I'm 10 months in and definitely not looking for a return to office life. I did inquire with my previous boss about picking up contract work on a very specific project, but he more or less shot that down, at least for now. It would be ideal if I could shake that loose - its easy work that I liked doing while I was there and it would only be about 40 hours worth of work concentrated at the end of each quarter. Oh well, I don't absolutely need the money, but it would be nice to grab some off easy, fun work.

Since I've quit, I built a small retaining wall, paver patio, and integrated fire pit in my back yard. It turned out better than I expected:) Currently, I'm gearing up to gut my kitchen with a full re-do. I'm nervous and excited all at once. I've not attempted anything of this size or complexity before. I have some friends that are basically renovation experts and they will help immensely.

Like others, I've also become a regular at the gym. I'm not monitoring my weight, but I'm down one pant size so far. I love being able to take my time there, I rarely have somewhere I need to be right after.

When I first quit, I would temper how I presented that depending on my audience...sometimes I would use the word sabbatical, sometimes retirement, sometimes I would be more vague. Nowadays, I generally just say "I don't work" and leave it at that unless someone inquires further.

I would say my biggest surprise after I quit is how normal my life feels - from the very first Monday that I didn't head to work, nothing felt strange. There was never a nagging in the back of my mind about setting an alarm, missing a deadline, prepping for a meeting or all the million things that I used to have spinning in my head. I was so pleasantly surprised when those thoughts never came.

"Freedom lies in being bold." -Robert Frost

MrsWhipple

  • Bristles
  • ***
  • Posts: 385
Re: Target FIRE: 2017
« Reply #1411 on: May 31, 2018, 12:29:51 PM »
I've actually started missing what I used to do a while back (tutoring math), so much that I just applied at a tutoring place near me. The owner said he wasn't hiring at the time (makes sense, summer is always slow) but that he would probably have an opening for me in the fall. I might pick up a couple students on my own in the fall and see if I'd rather do it independently or for a company.

My husband is rocking the stay at home dad thing, and I kind of feel like I'm just not as good at parenting a toddler as he is. I love being with my baby, but she is VERY needy and I am such an introvert that it makes it difficult to stay "on" for hours and hours on end.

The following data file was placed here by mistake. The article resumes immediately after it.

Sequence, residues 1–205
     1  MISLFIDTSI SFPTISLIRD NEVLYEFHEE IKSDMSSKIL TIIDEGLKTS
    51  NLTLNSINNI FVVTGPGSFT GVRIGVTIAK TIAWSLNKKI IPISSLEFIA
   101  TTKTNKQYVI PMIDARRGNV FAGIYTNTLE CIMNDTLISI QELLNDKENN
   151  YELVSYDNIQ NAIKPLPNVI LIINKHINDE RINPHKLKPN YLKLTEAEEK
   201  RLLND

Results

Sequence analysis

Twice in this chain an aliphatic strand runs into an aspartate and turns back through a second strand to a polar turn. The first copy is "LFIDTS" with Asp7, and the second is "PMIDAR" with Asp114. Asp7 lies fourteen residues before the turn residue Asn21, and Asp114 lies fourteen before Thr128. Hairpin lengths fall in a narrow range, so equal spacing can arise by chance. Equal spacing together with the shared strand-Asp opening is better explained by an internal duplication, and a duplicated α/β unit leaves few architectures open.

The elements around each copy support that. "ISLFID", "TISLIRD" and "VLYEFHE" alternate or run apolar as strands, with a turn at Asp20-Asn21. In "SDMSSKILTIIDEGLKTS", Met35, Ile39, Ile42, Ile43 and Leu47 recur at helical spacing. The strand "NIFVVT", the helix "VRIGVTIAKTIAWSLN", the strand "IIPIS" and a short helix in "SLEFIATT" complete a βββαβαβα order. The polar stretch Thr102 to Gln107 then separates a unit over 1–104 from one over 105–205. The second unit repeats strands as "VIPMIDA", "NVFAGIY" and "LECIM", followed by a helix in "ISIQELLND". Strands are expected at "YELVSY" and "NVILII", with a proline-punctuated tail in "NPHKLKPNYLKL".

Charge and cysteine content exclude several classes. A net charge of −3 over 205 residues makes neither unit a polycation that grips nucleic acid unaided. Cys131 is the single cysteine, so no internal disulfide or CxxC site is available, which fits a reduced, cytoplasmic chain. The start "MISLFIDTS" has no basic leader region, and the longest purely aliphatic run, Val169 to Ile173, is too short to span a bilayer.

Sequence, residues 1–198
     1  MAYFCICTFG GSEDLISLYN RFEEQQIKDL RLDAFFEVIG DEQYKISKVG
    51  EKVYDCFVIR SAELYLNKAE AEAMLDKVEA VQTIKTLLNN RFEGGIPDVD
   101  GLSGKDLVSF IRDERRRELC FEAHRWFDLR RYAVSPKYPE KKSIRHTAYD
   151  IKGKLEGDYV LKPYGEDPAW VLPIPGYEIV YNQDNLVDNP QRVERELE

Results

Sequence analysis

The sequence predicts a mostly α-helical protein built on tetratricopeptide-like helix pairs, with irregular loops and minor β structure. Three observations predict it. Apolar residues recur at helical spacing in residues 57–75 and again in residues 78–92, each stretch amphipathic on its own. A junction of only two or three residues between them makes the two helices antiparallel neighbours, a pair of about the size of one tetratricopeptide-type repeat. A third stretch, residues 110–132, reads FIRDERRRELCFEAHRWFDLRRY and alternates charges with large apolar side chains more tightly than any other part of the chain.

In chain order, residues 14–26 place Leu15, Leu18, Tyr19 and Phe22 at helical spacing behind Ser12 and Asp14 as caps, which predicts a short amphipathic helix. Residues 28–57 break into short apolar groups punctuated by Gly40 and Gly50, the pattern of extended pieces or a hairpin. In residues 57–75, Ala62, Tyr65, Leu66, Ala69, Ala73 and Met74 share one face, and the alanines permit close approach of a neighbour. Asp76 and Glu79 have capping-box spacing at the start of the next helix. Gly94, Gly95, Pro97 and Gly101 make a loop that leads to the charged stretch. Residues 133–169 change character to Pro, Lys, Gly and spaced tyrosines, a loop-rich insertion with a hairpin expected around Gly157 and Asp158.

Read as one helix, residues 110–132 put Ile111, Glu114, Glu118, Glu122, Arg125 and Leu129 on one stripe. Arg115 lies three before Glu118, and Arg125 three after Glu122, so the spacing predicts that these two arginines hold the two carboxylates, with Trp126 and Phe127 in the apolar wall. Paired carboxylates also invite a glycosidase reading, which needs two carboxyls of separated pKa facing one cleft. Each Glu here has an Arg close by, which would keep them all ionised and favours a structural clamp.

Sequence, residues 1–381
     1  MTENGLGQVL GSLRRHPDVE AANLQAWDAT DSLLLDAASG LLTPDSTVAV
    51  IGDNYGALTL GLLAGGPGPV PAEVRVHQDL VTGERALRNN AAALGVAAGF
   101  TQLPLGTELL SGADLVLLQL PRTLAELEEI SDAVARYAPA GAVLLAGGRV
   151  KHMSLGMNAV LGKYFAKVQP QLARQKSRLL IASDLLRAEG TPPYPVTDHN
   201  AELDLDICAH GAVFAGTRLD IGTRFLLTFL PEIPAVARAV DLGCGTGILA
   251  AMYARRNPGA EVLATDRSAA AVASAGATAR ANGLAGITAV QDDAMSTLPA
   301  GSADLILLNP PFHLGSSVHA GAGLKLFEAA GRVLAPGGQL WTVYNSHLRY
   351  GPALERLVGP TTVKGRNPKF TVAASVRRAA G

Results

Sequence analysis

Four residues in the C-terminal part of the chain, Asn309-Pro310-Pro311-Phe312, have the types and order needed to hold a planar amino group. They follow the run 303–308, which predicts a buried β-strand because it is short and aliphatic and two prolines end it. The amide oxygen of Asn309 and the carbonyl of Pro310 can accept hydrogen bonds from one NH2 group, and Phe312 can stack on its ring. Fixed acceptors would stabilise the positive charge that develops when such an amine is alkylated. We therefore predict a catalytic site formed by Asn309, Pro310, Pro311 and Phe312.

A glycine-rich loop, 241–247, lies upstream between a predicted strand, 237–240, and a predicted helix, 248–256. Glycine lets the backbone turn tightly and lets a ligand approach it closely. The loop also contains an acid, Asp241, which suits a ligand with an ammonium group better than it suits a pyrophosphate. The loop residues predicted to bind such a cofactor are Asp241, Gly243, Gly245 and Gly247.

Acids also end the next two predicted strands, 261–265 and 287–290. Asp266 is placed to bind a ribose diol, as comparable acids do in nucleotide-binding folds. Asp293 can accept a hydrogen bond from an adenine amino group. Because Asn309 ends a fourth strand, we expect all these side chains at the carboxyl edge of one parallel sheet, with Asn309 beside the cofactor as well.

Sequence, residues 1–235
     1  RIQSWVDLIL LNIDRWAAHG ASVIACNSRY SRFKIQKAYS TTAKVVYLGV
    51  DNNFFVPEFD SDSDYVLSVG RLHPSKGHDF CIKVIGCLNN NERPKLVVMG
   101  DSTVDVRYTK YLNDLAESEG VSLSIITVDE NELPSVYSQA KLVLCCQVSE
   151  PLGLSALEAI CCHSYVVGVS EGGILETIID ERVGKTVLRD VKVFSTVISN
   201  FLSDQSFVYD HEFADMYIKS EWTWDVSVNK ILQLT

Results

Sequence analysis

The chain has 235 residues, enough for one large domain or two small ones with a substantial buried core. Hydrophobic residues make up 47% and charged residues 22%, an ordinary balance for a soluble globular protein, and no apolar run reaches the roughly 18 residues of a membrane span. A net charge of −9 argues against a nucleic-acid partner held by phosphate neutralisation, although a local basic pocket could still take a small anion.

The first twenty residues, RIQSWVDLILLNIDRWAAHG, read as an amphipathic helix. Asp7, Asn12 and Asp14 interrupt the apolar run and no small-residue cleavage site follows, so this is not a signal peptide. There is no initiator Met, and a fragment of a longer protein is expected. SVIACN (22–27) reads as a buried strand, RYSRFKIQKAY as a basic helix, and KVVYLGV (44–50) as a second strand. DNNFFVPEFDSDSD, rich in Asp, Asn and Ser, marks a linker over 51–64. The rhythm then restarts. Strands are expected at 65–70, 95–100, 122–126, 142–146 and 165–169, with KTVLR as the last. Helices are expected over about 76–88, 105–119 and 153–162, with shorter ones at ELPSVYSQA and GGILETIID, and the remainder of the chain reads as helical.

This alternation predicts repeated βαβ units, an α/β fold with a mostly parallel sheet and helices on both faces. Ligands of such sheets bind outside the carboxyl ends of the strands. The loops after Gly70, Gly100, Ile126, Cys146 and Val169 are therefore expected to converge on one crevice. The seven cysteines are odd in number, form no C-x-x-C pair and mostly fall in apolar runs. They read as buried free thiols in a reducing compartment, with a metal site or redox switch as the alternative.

Also, gym 5 days a week. So much fun!

SachaFiscal

  • Stubble
  • **
  • Posts: 234
Re: Target FIRE: 2017
« Reply #1412 on: June 03, 2018, 09:23:08 AM »
My greatest achievement has been my health.  I lost a little weight (8kg) and become a regular at the gym.  The achievement I'm most pleased about is that I stopped drinking alcohol entirely. It's been 173 days! 

Congratulations on the health improvements.  I reduced my drinking significantly but am still drinking socially. How do you navigate social events without drinking? Any tips?

The past couple of days I had a small panic as I'm approaching 1 year not working and am scared about losing the opportunity to go back to the same career I had.  I started thinking..."maybe I should just try and get a job and work for a while so I can keep up my skills".  It doesn't help that the market has been pretty flat.  I crave that old feeling of dumping a bunch of money into my Vanguard account every couple of weeks.  I started looking at jobs online and it made me nausious just doing that.  I really don't want to do that type of work anymore even if it is so lucrative.  Also I thought about how much better my life is now...no stress, cooking and eating healthy, exercising more regularly, finally playing music again, improved relationships.  It all adds up to a way better quality of life and that is priceless.  I just have to have confidence that my investments will ultimately grow.

MonkeyJenga

  • Walrus Stache
  • *******
  • Posts: 7074
  • Location: Washington DC
  • Cake or Death?
Re: Target FIRE: 2017
« Reply #1413 on: June 03, 2018, 10:39:54 AM »
My greatest achievement has been my health.  I lost a little weight (8kg) and become a regular at the gym.  The achievement I'm most pleased about is that I stopped drinking alcohol entirely. It's been 173 days! 

Congratulations on the health improvements.  I reduced my drinking significantly but am still drinking socially. How do you navigate social events without drinking? Any tips?

I stopped drinking about four years ago. Social events are easy, assuming no issues with alcoholism - just don't drink. Get water or soda and talk to people. Are you worried about how you will be able to resist drinking, how you will explain it to other people, or something else?

I have found I have a better time when I don't drink. In the month before I quit my job and went traveling, I was at brunch with friends who kept pushing their unlimited mimosas at me. Decided to abandon my prohibition for my last month in the city. Party it up! That day ended with a lame date and an expensive cab, after all my friends went home early to pass out and/or vomit. The other few times I drank weren't worth it either.

SwordGuy

  • Magnum Stache
  • ******
  • Posts: 4008
  • Location: Fayetteville, NC
    • Flipping Fayetteville
Re: Target FIRE: 2017
« Reply #1414 on: June 03, 2018, 10:22:26 PM »
I reduced my drinking significantly but am still drinking socially. How do you navigate social events without drinking? Any tips?